Chinese pickled cabbage is a traditional fermented food that contains abundant microbes produced during the process of fermentation. In this work, an in vivo animal study was conducted to investigate the effects of a newly isolated lactic acid bacterium ( CQPC11, LP-CQPC11) on d-galactose-induced oxidation and aging in mice. Analysis of the serum and tissue samples of these mice using molecular biology approaches showed that LP-CQPC11 suppressed the decrease in thymus, brain, heart, liver, spleen, and kidney indices caused by oxidation and aging. Furthermore, LP-CQPC11 increased the levels of SOD (superoxide dismutase), GSH-Px (glutathione peroxidase), and GSH (glutathione), whereas it reduced the levels of NO (nitric oxide) and MDA (malondialdehyde) in the serum, liver, and spleen of oxidation and aging mouse models. Pathological observation indicated that LP-CQPC11 alleviated the damage caused by oxidation and aging on the liver and spleen of mice. qPCR analysis indicated that LP-CQPC11 effectively upregulated the expression of (neuronal nitric oxide synthase), (endothelial nitric oxide synthase), (cuprozinc-superoxide dismutase), (manganese superoxide dismutase), (catalase), (heme oxygenase-1), (nuclear factor-erythroid 2 related factor 2), γ (γ-glutamylcysteine synthetase), and (NAD(P)H dehydrogenase [quinone] 1), but downregulated the expression of (inducible nitric oxide synthase) in the mouse liver and spleen. Western blot analysis showed that LP-CQPC11 effectively upregulated SOD1 (), SOD2 (), CAT, GSH1 (c-glutamylcysteine synthetase), and GSH2 (glutathione synthetase) protein expression in mouse liver and spleen tissues. These findings suggest that LP-CQPC11 can effectively prevent d-galactose-induced oxidation and aging in mice, and the effect is even better than that of the commonly used subsp. (LDSB) and vitamin C in the industry. Thus, LP-CQPC11 may be potentially employed as a probiotic strain.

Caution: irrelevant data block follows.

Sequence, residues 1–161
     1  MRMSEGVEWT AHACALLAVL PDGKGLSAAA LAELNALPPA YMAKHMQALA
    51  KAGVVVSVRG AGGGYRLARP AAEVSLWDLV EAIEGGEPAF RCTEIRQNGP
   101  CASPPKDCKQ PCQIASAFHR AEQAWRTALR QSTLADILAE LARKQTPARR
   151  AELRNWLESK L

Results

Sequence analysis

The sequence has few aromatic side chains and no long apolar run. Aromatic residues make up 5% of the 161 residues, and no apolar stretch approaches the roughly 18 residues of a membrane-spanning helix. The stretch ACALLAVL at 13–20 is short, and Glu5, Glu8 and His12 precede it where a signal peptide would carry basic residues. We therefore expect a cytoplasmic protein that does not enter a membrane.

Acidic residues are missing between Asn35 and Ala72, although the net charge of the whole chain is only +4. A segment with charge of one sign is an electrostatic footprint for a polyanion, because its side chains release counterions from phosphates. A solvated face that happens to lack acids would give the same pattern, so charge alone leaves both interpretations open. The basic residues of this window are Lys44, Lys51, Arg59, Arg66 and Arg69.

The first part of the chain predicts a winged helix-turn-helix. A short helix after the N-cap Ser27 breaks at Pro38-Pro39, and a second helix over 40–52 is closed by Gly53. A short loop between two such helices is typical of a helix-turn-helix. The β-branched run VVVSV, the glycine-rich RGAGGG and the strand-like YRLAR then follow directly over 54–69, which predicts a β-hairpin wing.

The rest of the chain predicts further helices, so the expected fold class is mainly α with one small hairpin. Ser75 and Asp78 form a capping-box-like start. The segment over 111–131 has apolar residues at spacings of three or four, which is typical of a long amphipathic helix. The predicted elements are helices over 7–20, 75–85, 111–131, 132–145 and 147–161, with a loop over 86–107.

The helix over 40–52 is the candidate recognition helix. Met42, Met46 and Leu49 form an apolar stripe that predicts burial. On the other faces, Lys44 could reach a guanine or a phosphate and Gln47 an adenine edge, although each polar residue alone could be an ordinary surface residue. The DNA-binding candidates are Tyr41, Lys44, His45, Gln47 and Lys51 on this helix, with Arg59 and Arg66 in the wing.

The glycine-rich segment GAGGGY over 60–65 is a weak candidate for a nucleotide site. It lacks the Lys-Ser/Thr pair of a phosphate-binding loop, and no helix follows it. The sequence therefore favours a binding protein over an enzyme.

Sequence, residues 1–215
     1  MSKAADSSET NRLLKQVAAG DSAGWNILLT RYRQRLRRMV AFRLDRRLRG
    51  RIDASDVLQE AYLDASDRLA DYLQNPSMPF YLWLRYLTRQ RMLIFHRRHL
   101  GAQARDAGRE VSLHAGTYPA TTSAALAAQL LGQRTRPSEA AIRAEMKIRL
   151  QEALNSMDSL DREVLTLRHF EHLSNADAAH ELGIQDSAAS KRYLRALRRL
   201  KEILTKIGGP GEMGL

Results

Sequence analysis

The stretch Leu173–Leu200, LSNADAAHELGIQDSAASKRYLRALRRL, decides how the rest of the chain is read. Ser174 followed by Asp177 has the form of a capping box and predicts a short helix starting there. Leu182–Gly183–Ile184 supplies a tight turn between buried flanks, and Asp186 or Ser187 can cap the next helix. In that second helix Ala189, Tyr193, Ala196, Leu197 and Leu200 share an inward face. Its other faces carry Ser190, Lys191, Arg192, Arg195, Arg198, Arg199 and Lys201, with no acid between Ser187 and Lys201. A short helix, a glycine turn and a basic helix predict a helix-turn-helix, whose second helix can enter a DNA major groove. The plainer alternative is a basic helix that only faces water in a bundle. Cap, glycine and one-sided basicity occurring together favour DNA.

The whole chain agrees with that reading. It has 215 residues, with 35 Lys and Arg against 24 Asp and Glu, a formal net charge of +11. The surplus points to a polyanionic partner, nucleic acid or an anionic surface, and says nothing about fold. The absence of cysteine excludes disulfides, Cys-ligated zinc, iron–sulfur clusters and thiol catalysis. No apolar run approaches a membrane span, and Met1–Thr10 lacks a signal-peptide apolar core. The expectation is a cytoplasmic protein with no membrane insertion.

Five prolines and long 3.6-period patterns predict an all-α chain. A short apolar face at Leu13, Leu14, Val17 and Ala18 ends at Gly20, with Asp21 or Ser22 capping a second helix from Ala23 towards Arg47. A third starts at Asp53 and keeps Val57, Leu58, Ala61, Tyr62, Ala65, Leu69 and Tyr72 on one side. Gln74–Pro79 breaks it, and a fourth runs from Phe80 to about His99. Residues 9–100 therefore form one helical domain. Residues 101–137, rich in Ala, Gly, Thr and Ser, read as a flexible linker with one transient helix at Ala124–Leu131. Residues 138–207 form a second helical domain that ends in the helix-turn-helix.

Dimethyl fumarate and vitamin D derivatives cooperatively enhance VDR and Nrf2 signaling in differentiating AML cells in vitro and inhibit leukemia progression in a xenograft mouse model